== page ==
2. GICs: A Guaranteed Investment Certificate is a product sold by banks and credit unions that offers a guaranteed rate of return over a fixed period of time.
  3. Bonds: A bond is a security that the bond issuer promises to pay the bond holder the principal at a later date and pays interest on certain dates at a fixed interest rate.
  4. Rental property: Property is rented out for temporary use by an individual or business, who agrees to pay the property owner a regular rate for the use of space.
  5. Dividends & Distributions: Investments in securities such as stocks result in dividends which is a method employed by mature corporations to share profits with their shareholders. 
  6. Royalties: Royalties are usage-based payments made for the ongoing use of an asset such as books, intellectual property etc.
  7. Rewards programs: Corporations offer various rewards programs in order to attract customers. This may include an airmiles program from an airline and/or financial institution or a cash-back program from the grocery store or credit card company.
  8. Peer lending: Also called peer-to-peer lending, is lending money to unrelated individuals without going through traditional financial intermediary such as banks or other financial institutions.
This is not an exhaustive list of sources of passive income, but simply lists a few options available to people to generate a secondary source of income. Passive incomes play a huge role in the Roadmap to Retirement.
Disclaimer: The information provided here is for educational purposes only. All opinions here are my personal opinions and should not be taken as financial advice. I am not qualified to be a financial advisor. Always consult with your financial advisor before investing in any of the companies mentioned on this blog.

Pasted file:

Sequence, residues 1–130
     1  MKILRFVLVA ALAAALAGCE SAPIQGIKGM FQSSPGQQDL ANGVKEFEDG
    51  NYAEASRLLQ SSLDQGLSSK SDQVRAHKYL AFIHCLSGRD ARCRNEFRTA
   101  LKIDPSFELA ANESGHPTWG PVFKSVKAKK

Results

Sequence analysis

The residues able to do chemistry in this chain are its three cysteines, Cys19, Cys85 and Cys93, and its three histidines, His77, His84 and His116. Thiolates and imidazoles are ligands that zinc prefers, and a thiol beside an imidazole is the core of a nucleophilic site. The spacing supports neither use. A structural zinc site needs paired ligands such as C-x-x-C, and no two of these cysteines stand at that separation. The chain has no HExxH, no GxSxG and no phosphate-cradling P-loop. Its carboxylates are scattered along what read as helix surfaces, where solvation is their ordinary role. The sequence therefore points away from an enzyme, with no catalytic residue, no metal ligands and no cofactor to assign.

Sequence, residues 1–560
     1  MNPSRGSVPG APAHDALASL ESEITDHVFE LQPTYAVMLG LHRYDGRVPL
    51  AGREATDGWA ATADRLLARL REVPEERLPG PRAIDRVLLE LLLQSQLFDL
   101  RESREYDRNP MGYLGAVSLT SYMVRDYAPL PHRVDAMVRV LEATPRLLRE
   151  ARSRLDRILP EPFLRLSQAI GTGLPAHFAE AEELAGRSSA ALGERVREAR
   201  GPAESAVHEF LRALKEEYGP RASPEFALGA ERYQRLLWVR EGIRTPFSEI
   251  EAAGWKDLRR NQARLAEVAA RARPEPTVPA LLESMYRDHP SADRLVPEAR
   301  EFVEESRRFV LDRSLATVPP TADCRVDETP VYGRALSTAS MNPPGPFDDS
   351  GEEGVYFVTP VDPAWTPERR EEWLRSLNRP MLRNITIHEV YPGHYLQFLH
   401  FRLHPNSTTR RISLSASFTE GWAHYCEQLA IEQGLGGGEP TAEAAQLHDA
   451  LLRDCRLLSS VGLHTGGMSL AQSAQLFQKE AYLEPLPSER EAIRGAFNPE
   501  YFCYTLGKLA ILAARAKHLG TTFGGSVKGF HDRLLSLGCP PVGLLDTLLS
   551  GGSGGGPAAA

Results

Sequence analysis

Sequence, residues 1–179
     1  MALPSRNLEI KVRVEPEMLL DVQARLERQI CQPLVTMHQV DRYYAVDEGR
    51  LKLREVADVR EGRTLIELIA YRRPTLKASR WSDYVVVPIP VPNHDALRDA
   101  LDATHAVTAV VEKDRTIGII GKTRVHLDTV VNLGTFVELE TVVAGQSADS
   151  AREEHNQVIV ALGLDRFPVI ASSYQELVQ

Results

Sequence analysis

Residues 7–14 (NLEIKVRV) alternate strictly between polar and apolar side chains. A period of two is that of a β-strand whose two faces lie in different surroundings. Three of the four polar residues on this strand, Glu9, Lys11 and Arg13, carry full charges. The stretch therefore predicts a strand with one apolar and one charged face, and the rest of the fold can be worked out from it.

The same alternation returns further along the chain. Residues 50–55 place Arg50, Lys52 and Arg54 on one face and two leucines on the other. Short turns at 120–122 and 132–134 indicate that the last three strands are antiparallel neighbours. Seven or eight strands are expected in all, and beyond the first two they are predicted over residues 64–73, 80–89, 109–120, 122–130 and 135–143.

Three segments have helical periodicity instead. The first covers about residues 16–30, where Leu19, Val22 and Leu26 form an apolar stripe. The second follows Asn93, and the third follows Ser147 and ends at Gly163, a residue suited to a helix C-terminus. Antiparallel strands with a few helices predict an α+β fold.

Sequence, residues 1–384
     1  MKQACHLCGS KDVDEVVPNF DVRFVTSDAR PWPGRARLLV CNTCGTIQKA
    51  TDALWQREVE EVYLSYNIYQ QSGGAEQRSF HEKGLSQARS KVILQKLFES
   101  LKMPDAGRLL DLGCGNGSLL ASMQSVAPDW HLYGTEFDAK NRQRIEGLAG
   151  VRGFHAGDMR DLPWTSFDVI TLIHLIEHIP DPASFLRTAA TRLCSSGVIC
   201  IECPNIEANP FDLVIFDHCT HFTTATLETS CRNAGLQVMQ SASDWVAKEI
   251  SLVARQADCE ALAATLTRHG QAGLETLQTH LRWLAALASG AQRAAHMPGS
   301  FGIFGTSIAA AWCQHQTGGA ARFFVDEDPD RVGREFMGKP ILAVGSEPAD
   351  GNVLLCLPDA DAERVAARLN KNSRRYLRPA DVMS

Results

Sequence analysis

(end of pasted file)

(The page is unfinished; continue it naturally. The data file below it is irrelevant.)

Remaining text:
Welcome to Roadmap2Retire!

Hello World!

Who I am

I work in the High Tech industry with a passion for personal finances and investing. I consider myself a DIY investor and wish to share my experiences via this blog.

OK. How about a little more context?

  • I live in Ottawa, Canada
  • I am in my early 30’s. I started saving and investing in 2007
  • I am engaged and will be getting married later this year (2013)
  • I work in the High Tech industry

Why this blog?

I have been contemplating on starting a blog for a while but my procrastinating-self has always gotten the better of me. I spend a large portion of my day reading and already maintain a huge collection of stats/notes. I decided that by making this public, others may benefit from it and in the process, I get to learn more 🙂

What’s my investment style?

I have experimented with a lot of different investment styles over the past few years. From investing in index funds, mutual funds, ETFs, stocks of blue chip companies, penny stocks, options etc. I intend to cover pros and cons of different investing styles and share some of my experiences. I also intend to share my portfolios and track my overall returns here.

Disclaimer

All posts on this blog are my personal opinions and should not be taken as professional advice. Posts here are for educational purposes only. All investments should be assumed inherently risky. Please consult with your financial advisor before making any major financial decisions.